You can pay up to £4000 in to a Lifetime ISA per year.

The benefit of a Lifetime ISA is that you get a 25% bonus on your savings if you use the money to buy your first home or save it until after age 60.

The market is still quite small, particularly for cash Lifetime ISAs.

Speak to your adviser if you would like to know more.


Help to Buy ISA

Help to Buy ISAs were introduced to provide a little extra help to first time buyers. You can contribute up to £1,200 in the first month and then £200 per month thereafter. The government will add a 25% bonus when you use your Help to Buy ISA to purchase your home (the 25% bonus can’t be put towards an exchange deposit). You get the bonus once you have £1600 or more saved in the ISA.

You can open one anytime until December 2019 but you must use it for a first home purchase by 2030 or you’ll lose the bonus.

The maximum bonus is £3000 which is 25% of £12,000 so there is little point in saving more than £12,000 in your Help to Buy ISA.

At the time of writing there are some reasonable interest rates being offered for Help to Buy ISAs, over 2% in some cases.

Help to Buy ISAs are really a variant of the Cash ISAs and so you cannot take one out in the same year as the other.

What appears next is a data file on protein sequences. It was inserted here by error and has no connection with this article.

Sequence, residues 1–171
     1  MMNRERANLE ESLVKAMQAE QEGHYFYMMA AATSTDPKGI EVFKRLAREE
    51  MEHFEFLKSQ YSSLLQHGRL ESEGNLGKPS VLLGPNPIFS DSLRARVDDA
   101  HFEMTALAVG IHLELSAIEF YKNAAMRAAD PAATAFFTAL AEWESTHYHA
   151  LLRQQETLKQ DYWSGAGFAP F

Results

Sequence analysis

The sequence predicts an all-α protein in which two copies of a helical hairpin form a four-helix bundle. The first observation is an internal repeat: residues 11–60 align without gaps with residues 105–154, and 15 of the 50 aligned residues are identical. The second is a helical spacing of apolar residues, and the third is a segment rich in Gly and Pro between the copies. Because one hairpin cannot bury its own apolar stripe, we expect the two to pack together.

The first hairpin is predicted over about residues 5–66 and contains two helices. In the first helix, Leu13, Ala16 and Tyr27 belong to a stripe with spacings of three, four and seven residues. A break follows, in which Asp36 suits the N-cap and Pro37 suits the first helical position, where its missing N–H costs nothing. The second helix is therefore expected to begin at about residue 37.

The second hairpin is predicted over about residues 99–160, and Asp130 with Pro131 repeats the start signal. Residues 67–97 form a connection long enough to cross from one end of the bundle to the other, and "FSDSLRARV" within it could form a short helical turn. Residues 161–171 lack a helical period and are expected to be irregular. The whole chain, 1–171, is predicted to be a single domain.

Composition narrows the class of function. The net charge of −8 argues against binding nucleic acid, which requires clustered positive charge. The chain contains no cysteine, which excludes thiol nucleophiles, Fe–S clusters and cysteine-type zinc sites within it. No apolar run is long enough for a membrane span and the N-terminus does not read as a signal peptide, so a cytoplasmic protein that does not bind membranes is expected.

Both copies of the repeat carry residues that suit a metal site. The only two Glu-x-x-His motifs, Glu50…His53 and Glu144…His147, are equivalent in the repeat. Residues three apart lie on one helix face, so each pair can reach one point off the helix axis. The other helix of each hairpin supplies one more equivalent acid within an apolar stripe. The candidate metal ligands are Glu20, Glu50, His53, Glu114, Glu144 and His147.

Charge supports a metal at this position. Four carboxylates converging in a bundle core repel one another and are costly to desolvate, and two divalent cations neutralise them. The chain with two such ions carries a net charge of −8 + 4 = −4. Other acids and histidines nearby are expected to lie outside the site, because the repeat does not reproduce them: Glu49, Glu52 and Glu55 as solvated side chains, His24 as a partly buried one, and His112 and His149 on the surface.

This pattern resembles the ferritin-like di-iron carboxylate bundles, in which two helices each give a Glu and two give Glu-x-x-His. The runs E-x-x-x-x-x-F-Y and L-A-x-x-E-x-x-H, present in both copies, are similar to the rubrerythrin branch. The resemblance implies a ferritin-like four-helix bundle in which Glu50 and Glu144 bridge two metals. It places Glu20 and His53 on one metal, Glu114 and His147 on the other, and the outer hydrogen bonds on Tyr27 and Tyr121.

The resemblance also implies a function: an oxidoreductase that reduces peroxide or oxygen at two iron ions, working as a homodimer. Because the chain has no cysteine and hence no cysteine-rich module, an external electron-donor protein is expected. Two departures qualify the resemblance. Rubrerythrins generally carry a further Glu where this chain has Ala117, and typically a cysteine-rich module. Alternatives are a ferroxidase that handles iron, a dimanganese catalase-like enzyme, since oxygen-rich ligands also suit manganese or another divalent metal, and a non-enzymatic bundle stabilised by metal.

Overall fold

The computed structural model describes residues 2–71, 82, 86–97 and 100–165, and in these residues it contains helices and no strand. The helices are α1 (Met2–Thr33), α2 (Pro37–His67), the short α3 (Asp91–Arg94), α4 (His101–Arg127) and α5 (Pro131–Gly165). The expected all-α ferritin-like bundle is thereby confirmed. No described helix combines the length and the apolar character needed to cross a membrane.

Junior ISA

If you want to save for your child or grandchild’s future one option is a Junior ISA which can be contributed to from birth to age 18 when the ISA becomes the property of the child in whose name it was opened.

N.B. Upon attaining age 18 the money saved in a Junior ISA is entirely theirs to do with as they wish!

You can save up to £4,128 per year in to a Junior ISA. Each child is entitled to only one ISA each per year.

Junior ISAs can be either Cash or Stock & Shares type investments. The decision about whether to invest in cash or funds may hinge on the age of the child and your attitude to risk.


Innovative Finance ISA

There is one further type of ISA which is being introduced to facilitate peer-to-peer lending, announced in the 2015 budget – the Innovative Finance ISA or IFISA.

The returns look attractive (very often over 4% per annum) but you should be aware of the risks of peer-to-peer lending before you invest. You are effectively taking the place of bank lending to business.

There is no protection from FSCS for Innovative Finance ISAs.

Speak to an adviser if you would like to know more.